Picking Up Our Crosses

September 16, 2018

The journey of Jesus is never easy.  The footsteps of Jesus lead us to Calvary and the cross.  To pick up our cross we must be willing to understand its value. When Jesus hung on the cross, it was like no other execution.  When Jesus offered His body on the cross, it was unlike any other capital punishment killing.  On this day, in this place, history changed.  It was a compelling moment.  The Jewish leaders were concerned about its significance and they rallied with their new found allies, the Romans, to make sure a guard was placed at the tomb.  They made sure He was put to death so the story would end, just like it did for so many who were executed by crucifixion.  Jesus understood the significance of the cross.  He understood its powerful surrender.  He understood that the moment would change everything and when His physical body had no more left to give, His divinity would pay the price for all sin.

We stand now at the path and we are invited to know the significance of the cross, as well as the significance of our own crosses that we are given to carry.  How do we define pain in our lives?  What causes the most pain? Is the worst pain physical or psychological?  What causes the most humiliation—our past or what we are going through now?  What do we find most difficult to forgive—the sins we have committed or the pain and sin inflicted upon us?  All of these answers lead us to how it is we understand the significance of the cross and how we embrace it.  There is deep significance as to how we hold, carry and move with our cross.  It says everything about our spirituality.  The cross calls for surrender, even when our pride longs for something else. The cross calls for sacrifice, even when our ego grasps to never let go.  The cross leads to forgiveness, even when the pain felt wants revenge.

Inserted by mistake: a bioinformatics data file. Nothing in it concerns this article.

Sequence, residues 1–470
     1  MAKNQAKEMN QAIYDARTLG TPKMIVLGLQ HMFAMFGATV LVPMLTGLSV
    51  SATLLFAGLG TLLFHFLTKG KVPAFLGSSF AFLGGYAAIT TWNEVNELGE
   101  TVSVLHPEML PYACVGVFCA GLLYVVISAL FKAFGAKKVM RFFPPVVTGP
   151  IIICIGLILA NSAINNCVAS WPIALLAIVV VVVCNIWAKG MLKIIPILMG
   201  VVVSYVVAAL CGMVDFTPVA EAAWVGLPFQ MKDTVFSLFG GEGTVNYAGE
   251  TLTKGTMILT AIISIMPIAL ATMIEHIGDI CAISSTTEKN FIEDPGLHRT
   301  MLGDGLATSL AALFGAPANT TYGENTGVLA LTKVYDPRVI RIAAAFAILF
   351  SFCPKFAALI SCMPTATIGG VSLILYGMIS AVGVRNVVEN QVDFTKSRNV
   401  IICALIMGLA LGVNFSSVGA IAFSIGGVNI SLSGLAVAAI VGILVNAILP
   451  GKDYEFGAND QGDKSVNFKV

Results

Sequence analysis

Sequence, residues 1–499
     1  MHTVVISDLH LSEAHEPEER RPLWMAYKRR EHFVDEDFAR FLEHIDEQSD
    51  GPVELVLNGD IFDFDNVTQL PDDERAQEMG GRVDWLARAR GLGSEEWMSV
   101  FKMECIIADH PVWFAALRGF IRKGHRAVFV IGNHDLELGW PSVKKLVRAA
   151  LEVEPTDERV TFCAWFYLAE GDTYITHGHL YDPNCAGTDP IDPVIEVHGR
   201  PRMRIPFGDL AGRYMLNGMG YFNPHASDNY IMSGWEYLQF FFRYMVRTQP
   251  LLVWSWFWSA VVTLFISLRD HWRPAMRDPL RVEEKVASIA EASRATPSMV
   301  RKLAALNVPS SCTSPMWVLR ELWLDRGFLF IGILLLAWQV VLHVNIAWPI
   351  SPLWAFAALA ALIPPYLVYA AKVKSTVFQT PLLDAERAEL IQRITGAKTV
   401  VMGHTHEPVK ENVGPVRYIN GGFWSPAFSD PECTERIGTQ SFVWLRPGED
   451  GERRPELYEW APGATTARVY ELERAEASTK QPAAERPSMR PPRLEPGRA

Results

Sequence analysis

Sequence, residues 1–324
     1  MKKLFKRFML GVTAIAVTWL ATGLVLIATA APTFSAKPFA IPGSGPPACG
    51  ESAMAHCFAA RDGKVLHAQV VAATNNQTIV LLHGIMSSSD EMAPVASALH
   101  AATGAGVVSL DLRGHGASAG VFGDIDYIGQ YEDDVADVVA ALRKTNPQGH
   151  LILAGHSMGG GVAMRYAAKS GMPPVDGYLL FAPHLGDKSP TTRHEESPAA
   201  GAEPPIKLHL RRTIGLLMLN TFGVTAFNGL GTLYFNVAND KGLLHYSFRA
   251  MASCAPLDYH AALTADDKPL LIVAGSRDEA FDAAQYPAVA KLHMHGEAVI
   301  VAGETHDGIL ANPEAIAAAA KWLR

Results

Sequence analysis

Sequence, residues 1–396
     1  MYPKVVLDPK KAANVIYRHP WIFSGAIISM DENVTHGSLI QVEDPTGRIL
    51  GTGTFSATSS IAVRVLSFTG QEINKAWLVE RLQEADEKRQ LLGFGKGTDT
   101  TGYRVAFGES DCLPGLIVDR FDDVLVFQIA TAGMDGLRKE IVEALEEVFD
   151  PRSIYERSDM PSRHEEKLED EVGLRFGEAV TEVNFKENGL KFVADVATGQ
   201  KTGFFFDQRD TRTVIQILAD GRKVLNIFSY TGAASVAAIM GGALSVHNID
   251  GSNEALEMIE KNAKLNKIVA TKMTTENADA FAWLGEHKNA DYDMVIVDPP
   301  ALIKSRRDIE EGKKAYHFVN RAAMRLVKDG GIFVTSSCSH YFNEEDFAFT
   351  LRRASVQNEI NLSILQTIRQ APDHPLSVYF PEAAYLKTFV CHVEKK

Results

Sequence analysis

Life-changing is this cross we are asked to pick up and carry.  The greatest hardships are not always the ones that can inflict pain from the outside.  The greatest crosses we carry are usually the struggles of good and evil within us.  The greatest cross we carry is the reality of forgiving ourselves after God, through the Sacrament of Reconciliation, has absolved us from our sins.  The greatest cross we carry is to love our enemies and to forgive family members and spouses and the ones closest to us, even when we feel disrespected.

The cross is of the greatest significance when we truly carry it.  When we truly connect with Jesus in the deepest way, we know it is the only way and He is about way more than just the physical burdens we carry. To be a follower is to embrace deeply the more painful cross that calls us to surrender, sacrifice and forgiveness.

Reverend John J. Ouper